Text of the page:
Fig. 1 Enhanced CD8 T cell activity mediates the antitumor effect of Map4k4 deletion.

(A) MC38 tumor growth kinetics (top) and tumor weights at end point (bottom) in Map4k4 WT and iKO mice (n = 8 to 9 mice per group). (B) Representative images of KPP1 tumors grown in Map4k4 WT and iKO hosts and stained with CD3, CD8, MECA-32, and DAPI (4′,6-diamidino-2-phenylindole). Bottom panels are higher magnifications of boxed areas. (C) Quantification of CD3+ and CD3+/CD8+ cell counts in KPP1 whole tumor sections normalized to tumor tissue area. (D) FCM analysis of TIL counts in MC38 tumors. (E) MC38 tumor growth kinetics in Rag2−/− Map4k4 WT or iKO hosts (n = 9 to 11 mice per group). (F) MC38 tumor growth kinetics in Map4k4 WT or iKO hosts using control versus CD8-depleting (left) or CD4-depleting (right) antibodies (n = 7 to 13 mice). (G to I) MC38 tumor growth kinetics (G), tumor weights (H), and representative images of hematoxylin and eosin–stained MC38 tumor sections and associated necrosis scores (I) at end point of Rag2−/− hosts reconstituted with Map4k4 WT or iKO T cells (n = 15 mice per group). (J) MC38 tumor growth kinetics of Rag2−/− hosts reconstituted with Map4k4 WT or iKO CD8 T cells (n = 17 mice per group). (K) Representative FCM plots (left) and analysis (right) of intracellular GZMB staining of MC38 CD8 TILs on day 24 after tumor inoculation. FITC, fluorescein isothiocyanate; PerCp, peridinin chlorophyll protein; Cy5.5, cyanine5.5. (L) Representative FCM plots (left) and analysis (right) of intracellular IFN-γ and TNF-α staining of MC38 CD8 TILs on day 24 after tumor inoculation either unstimulated (Uns.) or stimulated (Stim.) with anti-CD3/CD28 in vitro for 5 hours (gated on live/CD45/CD3/CD8 cells). PE, phycoerythrin; Cy7,Cyanine7; APC, allophycocyanin. (n indicates starting animal number. “/” indicates animals taken down due to the institution-defined tumor size limit or poor health condition. d, days after tumor inoculation. In dot plots, each dot represents a mouse. g, gram.) For all figures: Mann-Whitney test was run to determine P values for experiments with two groups, and ordinary one-way analysis of variance (ANOVA) or two-way ANOVA was used for multiple groups. *P ≤ 0.05, **P ≤ 0.01, ***P ≤ 0.001, and ****P ≤ 0.0001; ns, not significant. Error bars indicate SEM.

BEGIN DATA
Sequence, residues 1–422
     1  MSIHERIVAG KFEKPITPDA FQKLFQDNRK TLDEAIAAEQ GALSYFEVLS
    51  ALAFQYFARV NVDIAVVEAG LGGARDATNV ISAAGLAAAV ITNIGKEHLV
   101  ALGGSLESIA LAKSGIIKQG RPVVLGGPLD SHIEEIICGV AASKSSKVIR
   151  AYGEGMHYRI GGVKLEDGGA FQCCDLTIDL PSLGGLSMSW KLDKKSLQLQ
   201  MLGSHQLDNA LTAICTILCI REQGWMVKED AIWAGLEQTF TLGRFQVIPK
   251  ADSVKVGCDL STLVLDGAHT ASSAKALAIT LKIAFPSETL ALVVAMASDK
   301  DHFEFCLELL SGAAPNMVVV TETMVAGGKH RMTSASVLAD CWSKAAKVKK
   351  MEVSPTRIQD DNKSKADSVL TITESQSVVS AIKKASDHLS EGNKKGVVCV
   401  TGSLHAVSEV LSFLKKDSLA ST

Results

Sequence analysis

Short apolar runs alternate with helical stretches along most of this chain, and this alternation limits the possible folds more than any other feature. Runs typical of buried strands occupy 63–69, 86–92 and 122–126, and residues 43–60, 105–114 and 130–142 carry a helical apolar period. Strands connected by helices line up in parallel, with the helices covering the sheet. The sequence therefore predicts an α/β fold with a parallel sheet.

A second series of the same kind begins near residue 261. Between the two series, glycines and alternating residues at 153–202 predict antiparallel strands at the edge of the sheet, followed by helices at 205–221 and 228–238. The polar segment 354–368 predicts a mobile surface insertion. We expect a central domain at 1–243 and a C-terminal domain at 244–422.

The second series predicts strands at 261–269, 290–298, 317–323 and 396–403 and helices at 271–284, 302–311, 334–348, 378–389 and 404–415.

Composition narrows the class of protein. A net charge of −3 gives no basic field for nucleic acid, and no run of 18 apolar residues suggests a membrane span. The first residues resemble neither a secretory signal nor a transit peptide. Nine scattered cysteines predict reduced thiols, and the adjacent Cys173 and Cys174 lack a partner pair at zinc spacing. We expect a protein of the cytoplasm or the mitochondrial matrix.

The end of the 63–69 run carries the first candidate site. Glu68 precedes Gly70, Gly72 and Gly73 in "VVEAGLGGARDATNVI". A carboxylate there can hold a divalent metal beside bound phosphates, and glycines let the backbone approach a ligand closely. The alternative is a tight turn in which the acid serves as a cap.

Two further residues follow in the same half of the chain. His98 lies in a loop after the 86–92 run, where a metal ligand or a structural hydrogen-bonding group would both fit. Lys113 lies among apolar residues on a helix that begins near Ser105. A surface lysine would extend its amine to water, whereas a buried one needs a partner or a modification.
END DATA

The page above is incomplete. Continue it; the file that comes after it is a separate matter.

Given the above findings, we asked whether inhibition of PD-1/PD-L1 signaling, a pathway that causes T cell dysfunction induced by chronic antigen stimulation (29), can further improve the antitumor activity afforded by Map4k4 loss. Loss of Map4k4 and anti–PD-L1 treatment alone showed comparable efficacy in the pancreatic KPR3070 tumor model, and the combination of these two treatments demonstrated an additive effect (fig. S2E), indicating that MAP4K4 could be a potential target to combine with PD-L1/PD-1 inhibitors. The combination only resulted in tumor stasis and not tumor regression, but this is not surprising because tumor cell proliferation rates are generally higher in implanted mouse tumor models than in human cancers; therefore, achieving tumor regression in such models is challenging. Retrospective analysis of approved drugs and their preclinical performances showed that reducing tumor growth rates by ~60% in preclinical models predicted objective clinical responses in patients (30). Mean tumor growth rates are reduced by 60% in the iKO group, 57% in the anti–PD-L1 group, and 88% in the combination group relative to the control, suggesting that this combination might translate into objective response in the clinic.

Map4k4 loss augments activation of naïve CD8 T cells

Because CD8 T cell activation is a multistep process, alteration of any step could account for the observed phenotype with Map4k4-deleted CD8 T cells described above. To determine which step during T cell activation is affected by Map4k4 loss, we analyzed the early response to tumor challenge in draining LNs from mice harboring MC38 tumors for 10 days, a time point when tumor sizes were not substantially different between genotypes. Map4k4−/− hosts had enlarged draining LNs (Fig. 2A), increased frequency of CD8 T cells recognizing the tumor-specific retroviral antigen p15e (Fig. 2B), and Ki67+ CD8 T cells (Fig. 2C) in the draining LNs. Despite increased Ki67+ CD8 TILs at this time point, it had not yet led to increased TIL counts (Fig. 2D). We then investigated whether these early changes eventually led to enhanced T cell responses within tumors by examining TILs 16 days after tumor implantation. Total CD8 TILs (Fig. 2E) as well as tumor-specific p15e+ CD8 TILs and MC38 neoantigen-specific CD8 TILs (Fig. 2F) were increased in Map4k4−/− hosts at this time point. To assess the cytokine secretion potential of CD8 TILs, we restimulated MC38 tumor single-cell suspensions ex vivo with a combination of MC38 tumor-specific peptides. Increased numbers of interferon-γ–positive (IFN-γ+) CD8 TILs were detected, and these cells secreted more IFN-γ in Map4k4−/− hosts (Fig. 2G). Together, these data suggest that Map4k4 loss enhanced the early antitumor response in draining LNs that precedes the intratumoral phenotype.